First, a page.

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I have gone through some tutorials on CList, which seems to be much more feature rich than std::list of C++ STL. Especially what caught my attention was that I could search a CList by a value and it would return a position (assuming all values are unique, which is always true in my case). I am trying to use a list of boost smart pointers. Querying a list with the value of the pointer or quickly changing the position value to jump to an element would be really handy to me. Is there any specialized list library that allows me to do that?

Thanks in advance!

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What do you mean by "changing the position value to jump to an element"? –  R. Martinho Fernandes May 31 '12 at 16:00
It is hard to understand what you are trying to do, but I don't think there is much that you can do with a CList and not an std::list. Can you be more specific? –  Michael J May 31 '12 at 16:09
Like a marker on a list, which can be stored after processing a list partially, and later used again to process the rest of the list. By saying stored and loaded, I only mean keeping in primary memory during a single run. –  Subhamoy Sengupta May 31 '12 at 16:10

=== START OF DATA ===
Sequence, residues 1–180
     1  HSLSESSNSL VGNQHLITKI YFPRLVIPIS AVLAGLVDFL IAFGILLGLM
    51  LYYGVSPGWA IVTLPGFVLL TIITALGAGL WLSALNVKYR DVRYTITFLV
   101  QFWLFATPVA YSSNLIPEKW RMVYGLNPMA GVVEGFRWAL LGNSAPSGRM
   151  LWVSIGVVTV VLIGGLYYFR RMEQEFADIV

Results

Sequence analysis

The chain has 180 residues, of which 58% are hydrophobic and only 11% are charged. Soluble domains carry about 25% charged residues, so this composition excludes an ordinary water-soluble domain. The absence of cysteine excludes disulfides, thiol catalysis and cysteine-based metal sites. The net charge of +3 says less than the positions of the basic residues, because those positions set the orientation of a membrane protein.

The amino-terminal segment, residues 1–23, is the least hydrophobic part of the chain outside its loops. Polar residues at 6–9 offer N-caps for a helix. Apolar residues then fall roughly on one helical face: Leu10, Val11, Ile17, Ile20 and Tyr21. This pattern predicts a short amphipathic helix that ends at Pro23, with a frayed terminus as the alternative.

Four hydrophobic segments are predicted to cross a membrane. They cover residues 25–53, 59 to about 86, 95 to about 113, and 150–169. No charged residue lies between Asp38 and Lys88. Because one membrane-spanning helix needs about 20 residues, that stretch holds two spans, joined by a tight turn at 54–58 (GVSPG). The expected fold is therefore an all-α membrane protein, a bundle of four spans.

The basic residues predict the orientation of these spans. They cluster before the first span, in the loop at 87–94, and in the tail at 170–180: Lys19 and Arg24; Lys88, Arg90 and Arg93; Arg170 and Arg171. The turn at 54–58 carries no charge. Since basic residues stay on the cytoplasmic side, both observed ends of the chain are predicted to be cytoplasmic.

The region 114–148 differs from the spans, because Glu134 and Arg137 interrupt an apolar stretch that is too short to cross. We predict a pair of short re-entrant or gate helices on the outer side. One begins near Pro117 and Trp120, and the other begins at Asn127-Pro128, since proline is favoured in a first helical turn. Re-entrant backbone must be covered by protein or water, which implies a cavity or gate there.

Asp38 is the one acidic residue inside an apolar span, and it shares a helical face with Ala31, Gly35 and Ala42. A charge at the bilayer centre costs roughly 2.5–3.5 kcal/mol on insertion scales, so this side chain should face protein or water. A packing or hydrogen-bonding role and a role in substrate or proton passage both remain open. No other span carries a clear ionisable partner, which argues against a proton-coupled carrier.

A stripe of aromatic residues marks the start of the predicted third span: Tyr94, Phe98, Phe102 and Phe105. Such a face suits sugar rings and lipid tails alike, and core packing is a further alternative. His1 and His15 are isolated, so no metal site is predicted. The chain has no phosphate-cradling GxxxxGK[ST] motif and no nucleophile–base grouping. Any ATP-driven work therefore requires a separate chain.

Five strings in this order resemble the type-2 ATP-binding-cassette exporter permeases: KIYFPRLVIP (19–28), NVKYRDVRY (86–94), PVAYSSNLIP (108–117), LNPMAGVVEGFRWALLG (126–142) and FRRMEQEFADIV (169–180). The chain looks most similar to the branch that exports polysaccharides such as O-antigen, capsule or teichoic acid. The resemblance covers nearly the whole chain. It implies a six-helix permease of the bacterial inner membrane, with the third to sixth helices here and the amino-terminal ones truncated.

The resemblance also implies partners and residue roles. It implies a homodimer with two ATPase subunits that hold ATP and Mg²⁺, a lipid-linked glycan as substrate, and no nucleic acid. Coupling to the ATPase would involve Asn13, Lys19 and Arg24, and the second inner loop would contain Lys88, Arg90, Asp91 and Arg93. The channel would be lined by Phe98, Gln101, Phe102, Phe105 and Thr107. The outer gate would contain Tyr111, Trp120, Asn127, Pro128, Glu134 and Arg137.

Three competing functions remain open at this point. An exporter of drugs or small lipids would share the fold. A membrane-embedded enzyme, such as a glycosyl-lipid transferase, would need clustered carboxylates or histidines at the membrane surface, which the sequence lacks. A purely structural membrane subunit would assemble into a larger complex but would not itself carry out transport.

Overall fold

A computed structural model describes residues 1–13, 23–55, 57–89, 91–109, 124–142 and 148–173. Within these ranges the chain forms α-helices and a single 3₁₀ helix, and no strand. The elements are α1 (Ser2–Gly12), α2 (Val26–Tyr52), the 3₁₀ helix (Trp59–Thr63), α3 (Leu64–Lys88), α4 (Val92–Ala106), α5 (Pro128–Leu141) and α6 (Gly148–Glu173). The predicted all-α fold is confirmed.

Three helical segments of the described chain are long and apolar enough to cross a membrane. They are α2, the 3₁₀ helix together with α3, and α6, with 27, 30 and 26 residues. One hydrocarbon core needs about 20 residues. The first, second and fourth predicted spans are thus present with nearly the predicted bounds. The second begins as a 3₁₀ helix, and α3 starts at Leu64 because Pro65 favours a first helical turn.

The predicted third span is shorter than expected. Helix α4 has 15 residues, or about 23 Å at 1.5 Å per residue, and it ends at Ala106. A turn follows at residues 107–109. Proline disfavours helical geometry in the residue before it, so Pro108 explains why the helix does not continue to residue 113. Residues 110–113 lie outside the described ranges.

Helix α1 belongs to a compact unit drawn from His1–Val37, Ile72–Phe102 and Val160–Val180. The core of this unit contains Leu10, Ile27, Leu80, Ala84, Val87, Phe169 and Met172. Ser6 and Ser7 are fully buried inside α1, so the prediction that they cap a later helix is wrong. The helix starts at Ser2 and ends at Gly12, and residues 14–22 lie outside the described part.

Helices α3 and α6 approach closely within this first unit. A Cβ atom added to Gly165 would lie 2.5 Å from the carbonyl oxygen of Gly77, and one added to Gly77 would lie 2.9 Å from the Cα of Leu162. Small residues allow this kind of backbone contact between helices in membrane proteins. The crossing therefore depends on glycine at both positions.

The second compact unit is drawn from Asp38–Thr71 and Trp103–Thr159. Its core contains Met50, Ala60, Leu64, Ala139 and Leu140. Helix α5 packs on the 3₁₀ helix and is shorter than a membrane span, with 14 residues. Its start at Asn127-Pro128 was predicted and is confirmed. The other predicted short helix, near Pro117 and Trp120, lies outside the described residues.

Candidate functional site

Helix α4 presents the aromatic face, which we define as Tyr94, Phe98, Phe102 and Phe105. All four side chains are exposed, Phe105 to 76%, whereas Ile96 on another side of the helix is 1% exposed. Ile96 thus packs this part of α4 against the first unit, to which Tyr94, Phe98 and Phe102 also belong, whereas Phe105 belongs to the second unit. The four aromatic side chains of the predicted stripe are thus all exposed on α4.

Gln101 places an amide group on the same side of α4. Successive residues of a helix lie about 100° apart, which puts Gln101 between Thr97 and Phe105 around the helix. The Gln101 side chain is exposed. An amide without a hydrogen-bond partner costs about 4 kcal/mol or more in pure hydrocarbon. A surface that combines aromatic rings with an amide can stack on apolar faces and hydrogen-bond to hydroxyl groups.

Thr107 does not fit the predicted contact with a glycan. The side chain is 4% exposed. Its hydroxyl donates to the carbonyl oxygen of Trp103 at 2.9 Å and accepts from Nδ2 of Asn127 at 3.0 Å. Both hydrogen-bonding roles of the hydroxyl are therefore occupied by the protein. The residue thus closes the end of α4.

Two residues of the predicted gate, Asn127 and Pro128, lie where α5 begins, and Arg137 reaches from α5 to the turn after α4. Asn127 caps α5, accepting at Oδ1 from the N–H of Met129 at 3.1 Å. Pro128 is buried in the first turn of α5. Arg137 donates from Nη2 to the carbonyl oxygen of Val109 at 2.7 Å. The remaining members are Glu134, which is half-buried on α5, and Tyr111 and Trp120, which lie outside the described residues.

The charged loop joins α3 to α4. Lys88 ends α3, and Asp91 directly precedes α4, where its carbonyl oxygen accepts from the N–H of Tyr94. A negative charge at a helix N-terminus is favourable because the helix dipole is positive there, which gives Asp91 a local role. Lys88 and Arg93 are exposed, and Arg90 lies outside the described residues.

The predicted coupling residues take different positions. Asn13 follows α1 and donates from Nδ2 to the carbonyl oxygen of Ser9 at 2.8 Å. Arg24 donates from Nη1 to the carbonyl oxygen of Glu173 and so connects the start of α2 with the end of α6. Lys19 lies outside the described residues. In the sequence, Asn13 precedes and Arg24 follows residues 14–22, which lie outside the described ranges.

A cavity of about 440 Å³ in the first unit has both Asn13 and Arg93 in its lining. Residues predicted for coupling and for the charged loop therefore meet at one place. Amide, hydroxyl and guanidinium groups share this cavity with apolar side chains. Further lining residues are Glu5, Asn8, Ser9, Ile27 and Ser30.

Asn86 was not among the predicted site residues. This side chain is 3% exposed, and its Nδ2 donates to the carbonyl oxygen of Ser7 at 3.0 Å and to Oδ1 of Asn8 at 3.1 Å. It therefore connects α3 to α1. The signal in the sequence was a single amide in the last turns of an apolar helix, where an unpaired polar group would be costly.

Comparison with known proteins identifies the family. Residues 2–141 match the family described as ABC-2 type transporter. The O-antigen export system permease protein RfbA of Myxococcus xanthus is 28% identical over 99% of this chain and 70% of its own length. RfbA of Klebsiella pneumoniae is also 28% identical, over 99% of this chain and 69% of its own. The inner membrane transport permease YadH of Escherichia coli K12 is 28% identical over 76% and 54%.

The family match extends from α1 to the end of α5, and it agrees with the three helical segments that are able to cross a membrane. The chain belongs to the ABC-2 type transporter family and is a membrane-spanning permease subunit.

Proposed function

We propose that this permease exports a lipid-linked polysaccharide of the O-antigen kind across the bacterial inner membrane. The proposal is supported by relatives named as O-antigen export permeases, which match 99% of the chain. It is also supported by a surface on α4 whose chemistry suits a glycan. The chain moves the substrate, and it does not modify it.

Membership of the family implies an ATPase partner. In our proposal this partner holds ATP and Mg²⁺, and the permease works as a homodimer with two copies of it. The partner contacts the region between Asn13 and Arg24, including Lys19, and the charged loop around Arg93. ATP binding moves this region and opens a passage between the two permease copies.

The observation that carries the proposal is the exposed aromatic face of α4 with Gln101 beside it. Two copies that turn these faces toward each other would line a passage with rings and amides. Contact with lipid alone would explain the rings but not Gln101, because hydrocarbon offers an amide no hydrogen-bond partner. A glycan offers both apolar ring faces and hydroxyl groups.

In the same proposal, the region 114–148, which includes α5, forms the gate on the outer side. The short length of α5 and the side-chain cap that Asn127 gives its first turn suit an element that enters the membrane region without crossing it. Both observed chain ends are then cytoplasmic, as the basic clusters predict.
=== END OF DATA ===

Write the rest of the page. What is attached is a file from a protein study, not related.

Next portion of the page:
2 Answers 2

up vote 2 down vote accepted

I wouldn't necessary call MFC more feature rich over STL but it certainly favors the design of member methods and inheritance over free functions and template interfaces.

You can search elements using the functions in algorithm such as std::find, std::find_if, etc which work generically on STL containers like vector as well.

For your specific case you might want to do something like this:

#include <list>
#include <algorithm>

typedef std::list<int> IntList;
int nums[] = { 1,2,3,4,5,6,7,8,9 };
IntList numbers(nums, nums + sizeof(nums) / sizeof(int));
IntList::const_iterator found = std::find(numbers.begin(), numbers.end(), 7);
if (found != numbers.end())
    ;// then found is an iterator to the element containing the value 7
    ;// didn't find

Now as far as getting MFC like behavior on Linux I would recommend Qt. It's a massive cross-platform framework which has lots of useful stuff. Better yet it's open source and free and comes with it's own IDE called QtCreator which isn't half bad either.

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Yes, there is. It's in the standard header <algorithm>, namely the function template std::find.

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